Skip to Content
29th March 2019

LawExchange International: helping clients worldwide for 25 years

Share this article:

In 1994, I was asked by my partners at Hewitsons LLP to form a law group to look after the needs of clients doing business internationally. Typically, a client would be setting up joint venture or entering into a licence agreement with, say, a company in Germany or the US and would need to know that the agreement would work in that jurisdiction. There were, of course, legal directories available – but contacting a lawyer one had never met, or even spoken to, was not an ideal client service. From recognising this problem, LawExchange International (LEI) was born.

In 2019, LEI is celebrating its 25th anniversary. From small beginnings, we have grown to comprise an impressive 34 member firms across the world, in 30 jurisdictions, together employing some 1,700 lawyers. Each member firm has been carefully selected based on several factors, including professional competence, reputation, integrity and commitment to exceptional client service. As such, they include some of the top commercial firms serving middle-market and entrepreneurial businesses around the world.

For clients with international legal concerns, having access to this trusted network through their local law firm is invaluable. LEI firms possess the knowledge necessary to navigate laws, procedures, economic and business climates, cultures and politics in their local jurisdictions. This is why, for example, Hewitsons receives such a large volume of referral work from the US and other countries around the world, covering everything from Corporate dealings to Private Wealth matters.

An integral part of LEI’s client service, we have always believed, stems from the frequency of our conferences and the friendships they produce. Unlike many other law groups, LEI meets twice a year, in spring and autumn, when members take it in turn to host our conferences. These include two full days of lectures, break-out groups and discussions.

In addition, we hold annual regional conferences for the Americas, Europe and the Asia Pacific region. We regard these as very important, as they enable member firms to send delegates who would not normally attend the ‘full’ conferences. Themes for recent regional conferences of our European member firms have included Employment Law and Private Client Law. As a result, lawyers specialising in these topics in our 12 European member firms have formed lasting and effective relationships.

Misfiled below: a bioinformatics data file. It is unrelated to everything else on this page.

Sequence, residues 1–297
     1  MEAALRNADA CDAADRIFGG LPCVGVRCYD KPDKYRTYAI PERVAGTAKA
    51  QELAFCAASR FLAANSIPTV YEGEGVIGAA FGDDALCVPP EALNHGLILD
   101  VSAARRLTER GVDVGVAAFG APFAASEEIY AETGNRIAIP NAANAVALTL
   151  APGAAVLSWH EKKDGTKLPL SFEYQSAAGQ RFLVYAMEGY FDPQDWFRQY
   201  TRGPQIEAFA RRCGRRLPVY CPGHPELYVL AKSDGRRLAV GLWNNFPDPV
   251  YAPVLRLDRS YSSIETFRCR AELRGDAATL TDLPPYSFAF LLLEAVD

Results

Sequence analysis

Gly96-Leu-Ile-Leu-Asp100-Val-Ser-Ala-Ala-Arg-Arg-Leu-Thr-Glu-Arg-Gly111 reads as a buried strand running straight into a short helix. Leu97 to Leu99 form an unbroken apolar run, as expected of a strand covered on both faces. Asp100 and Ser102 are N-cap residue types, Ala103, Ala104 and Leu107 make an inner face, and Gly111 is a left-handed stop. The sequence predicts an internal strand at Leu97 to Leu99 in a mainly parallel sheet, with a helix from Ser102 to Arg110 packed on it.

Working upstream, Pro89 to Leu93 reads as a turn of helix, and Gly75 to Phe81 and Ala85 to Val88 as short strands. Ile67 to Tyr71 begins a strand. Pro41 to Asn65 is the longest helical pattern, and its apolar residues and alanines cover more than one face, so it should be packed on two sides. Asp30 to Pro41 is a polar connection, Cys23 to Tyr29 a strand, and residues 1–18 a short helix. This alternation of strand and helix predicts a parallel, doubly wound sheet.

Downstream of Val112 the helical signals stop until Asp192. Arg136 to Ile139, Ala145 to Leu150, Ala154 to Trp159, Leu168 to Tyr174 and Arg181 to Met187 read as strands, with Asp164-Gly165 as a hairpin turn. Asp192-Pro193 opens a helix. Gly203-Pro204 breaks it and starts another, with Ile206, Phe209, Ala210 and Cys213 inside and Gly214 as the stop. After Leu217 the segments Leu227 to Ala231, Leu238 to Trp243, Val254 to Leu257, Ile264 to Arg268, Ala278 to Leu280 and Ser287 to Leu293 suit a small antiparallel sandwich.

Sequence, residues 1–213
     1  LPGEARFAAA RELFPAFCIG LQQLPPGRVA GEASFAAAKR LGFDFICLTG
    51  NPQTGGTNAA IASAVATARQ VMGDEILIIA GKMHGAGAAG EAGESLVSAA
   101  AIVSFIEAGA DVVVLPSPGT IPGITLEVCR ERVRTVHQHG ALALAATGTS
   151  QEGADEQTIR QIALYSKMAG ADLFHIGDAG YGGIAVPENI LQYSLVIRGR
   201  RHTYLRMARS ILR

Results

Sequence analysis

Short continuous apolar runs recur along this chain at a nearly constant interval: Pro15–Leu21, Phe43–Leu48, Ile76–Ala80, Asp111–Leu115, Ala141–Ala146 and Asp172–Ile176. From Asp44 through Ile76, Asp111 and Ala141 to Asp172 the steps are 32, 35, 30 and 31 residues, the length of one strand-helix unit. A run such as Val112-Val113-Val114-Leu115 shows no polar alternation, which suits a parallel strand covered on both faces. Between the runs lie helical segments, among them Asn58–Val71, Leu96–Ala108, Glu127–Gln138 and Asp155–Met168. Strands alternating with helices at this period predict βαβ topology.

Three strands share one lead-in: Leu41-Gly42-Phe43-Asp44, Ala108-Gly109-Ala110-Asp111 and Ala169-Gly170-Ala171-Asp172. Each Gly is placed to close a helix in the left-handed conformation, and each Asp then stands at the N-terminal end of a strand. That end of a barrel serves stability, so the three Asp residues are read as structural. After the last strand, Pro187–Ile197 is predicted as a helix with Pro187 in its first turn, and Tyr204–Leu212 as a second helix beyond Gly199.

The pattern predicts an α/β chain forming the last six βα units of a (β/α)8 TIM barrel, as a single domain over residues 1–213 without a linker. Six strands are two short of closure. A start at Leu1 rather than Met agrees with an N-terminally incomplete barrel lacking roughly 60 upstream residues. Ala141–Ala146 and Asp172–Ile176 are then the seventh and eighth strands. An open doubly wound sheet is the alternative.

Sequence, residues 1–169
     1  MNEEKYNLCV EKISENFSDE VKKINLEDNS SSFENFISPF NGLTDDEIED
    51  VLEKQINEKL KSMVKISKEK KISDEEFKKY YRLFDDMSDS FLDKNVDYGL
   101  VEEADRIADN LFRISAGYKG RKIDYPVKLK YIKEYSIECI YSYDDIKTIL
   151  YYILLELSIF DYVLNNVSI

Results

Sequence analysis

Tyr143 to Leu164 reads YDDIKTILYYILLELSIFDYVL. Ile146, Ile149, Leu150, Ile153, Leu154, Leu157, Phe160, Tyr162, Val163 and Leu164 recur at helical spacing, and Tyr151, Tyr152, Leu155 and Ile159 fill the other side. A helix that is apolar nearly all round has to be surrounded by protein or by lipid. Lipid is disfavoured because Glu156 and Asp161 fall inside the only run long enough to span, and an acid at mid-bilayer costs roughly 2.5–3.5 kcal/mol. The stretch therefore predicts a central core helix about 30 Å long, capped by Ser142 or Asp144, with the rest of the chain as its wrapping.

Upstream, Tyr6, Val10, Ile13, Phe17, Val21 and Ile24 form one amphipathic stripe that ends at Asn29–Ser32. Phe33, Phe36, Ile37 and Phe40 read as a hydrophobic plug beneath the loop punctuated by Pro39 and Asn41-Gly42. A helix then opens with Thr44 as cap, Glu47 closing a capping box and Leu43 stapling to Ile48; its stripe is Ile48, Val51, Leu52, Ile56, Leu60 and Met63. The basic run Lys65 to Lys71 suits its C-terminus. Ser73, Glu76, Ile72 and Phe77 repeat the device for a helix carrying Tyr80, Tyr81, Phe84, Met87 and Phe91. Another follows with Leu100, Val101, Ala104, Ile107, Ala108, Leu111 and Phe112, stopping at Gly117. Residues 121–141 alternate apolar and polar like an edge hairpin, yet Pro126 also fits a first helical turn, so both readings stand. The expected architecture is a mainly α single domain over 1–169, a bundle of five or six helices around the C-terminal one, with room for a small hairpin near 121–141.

Current LEI initiatives include the setting up of the ‘LEI Help Desk’, through which the group’s largest firms offer to provide help and guidance to the smaller firms on the key issues of IT, finance and marketing.

Members joining LEI are required to observe our Protocols on Referrals and Service Delivery. We take quality control issues particularly seriously. Each member firm is required to nominate two of its partners as ’gatekeepers’, who are responsible for overseeing any referrals made by other members to their firm.

Our name incorporates the word ’exchange’ and, indeed, this is a significant aspect of what we do. We encourage our member firms to arrange secondments for their young lawyers to other member firms, usually for periods of between two and four weeks. These exchanges form an important part in the development of friendships within our group.

As the Secretary of LEI, I am frequently asked by colleagues whether I can put them in touch with a lawyer in another country. In addition to those countries where we have a member firm, we also maintain a Register of Correspondent Law Firms. This is for lawyers in countries in which we do not currently see the need to have a member, but in which it is, nevertheless, important to have a connection.

We are fortunate in that our member firm in Dubai, AC&H, is also a founder member of the African Legal Network (ALN), a group with 16 member firms in Africa. Although ALN is not a member of LEI, our members and their clients have access, through our colleagues in Dubai, to a large network of law firms in those countries.

I am convinced that, whatever the outcome of the Brexit negotiations, the expertise of law groups such as LEI will play an increasingly important role in the commercial dealings and requirements of UK businesses.

For more information, visit
or connect with LEI on LinkedIn at